For scientists who depend on foundations to fund their research, the grant application process is reliably gruesome: difficult, time-consuming and competitive. It's only slightly easier for the funders who have to sift through hundreds of applications and decide which to award. Take the Simons Foundation Autism Research Initiative (SFARI), which recently kicked off its funding cycle for 2016 with the announcement of requests for applications for Pilot and Research awards. In a recent year, SFARI received 400 letters of intent for each RFA.
Even a deep-pocketed foundation like the one James and Marilyn Simons have built has a limit at the ATM. "In a single recent year, LOI requests totaled over $300 million, but our budget for new grants was only around $18 million," SFARI reported. "It would be great if SFARI could fund all of them—but that is unfortunately not possible."
SFARI has been one of the big-name funders of autism research since Simons established it a decade ago, and there's been real progress to show for it. Last summer, for example, we reported on the discovery by a SFARI-supported Columbia University neurobiology researcher of a protein that may play a major role in people with autism. It was a substantial advance, not only for basic research, but also because the work suggested a possible avenue of drug treatment for study. But that's just the study that got the big publicity— Simons-funded autism researchers have published nearly 100 journal articles so far in 2015, which is consistent with the rate of the previous few years.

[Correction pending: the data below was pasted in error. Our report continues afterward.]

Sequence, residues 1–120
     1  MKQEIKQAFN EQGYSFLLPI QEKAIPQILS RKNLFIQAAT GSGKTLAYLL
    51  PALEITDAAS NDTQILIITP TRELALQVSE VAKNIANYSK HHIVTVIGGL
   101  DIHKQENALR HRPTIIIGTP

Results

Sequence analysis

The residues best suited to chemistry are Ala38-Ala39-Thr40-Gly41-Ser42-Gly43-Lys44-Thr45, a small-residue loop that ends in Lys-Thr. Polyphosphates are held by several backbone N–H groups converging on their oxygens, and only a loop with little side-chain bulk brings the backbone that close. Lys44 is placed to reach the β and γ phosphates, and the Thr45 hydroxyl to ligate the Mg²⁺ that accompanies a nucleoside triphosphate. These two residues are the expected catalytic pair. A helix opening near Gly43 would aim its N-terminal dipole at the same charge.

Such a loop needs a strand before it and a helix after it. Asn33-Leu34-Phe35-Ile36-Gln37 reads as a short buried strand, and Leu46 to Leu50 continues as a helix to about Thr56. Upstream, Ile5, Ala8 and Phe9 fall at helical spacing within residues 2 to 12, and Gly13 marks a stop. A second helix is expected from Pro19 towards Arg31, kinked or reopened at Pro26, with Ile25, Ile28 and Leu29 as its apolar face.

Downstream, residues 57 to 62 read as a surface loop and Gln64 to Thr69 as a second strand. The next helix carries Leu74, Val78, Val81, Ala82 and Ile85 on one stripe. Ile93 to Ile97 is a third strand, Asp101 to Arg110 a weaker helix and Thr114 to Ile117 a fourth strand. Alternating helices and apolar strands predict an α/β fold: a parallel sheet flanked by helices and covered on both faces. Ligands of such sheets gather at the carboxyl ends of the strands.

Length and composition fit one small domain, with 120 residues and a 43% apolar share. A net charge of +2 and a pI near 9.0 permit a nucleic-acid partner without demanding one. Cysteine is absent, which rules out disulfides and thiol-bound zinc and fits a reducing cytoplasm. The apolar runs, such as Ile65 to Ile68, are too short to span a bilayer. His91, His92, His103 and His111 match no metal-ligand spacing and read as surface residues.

As SFARI noted, the start of the new funding cycle demonstrates the central problem faced by funders of medical research. On one hand, you want to be open to novel, blue-sky ideas that have the potential to revolutionize understanding in a field. But you also want to keep the focus on promising science and clinical treatments that have track records, particularly in areas like autism, where effective therapies are desperately needed.
Even SFARI can't explain every nuance of its application review process. And it doesn't want to—it wants to be surprised by novel insights and approaches to the problem of autism. But it has to make some tough choices. Among the general guidelines SFARI developed for the coming year's application cycle is a desire to connect the dots from previous advances in autism research.
"Given recent advances on many fronts, the time seems ripe to bridge different levels of understanding in a push for a more coherent picture of autism," SFARI said. "This will involve connecting insights from genes to circuits to behavior, so we especially encourage grants with this broad outlook." But that's just one of the scientific priorities SFARI has set out for the coming year.
Their deadline for letters of intent for 2016 applications is October 9, so the clock is ticking. SFARl will be considering applications for Pilot study awards, small-scale projects for early stage projects and ideas, and particularly investigators new to the field. The larger research awards are intended to support investigators and research avenues with longer track records.
Applicants can learn more about SFARI's scientific priorities and decision-making process for 2016 here.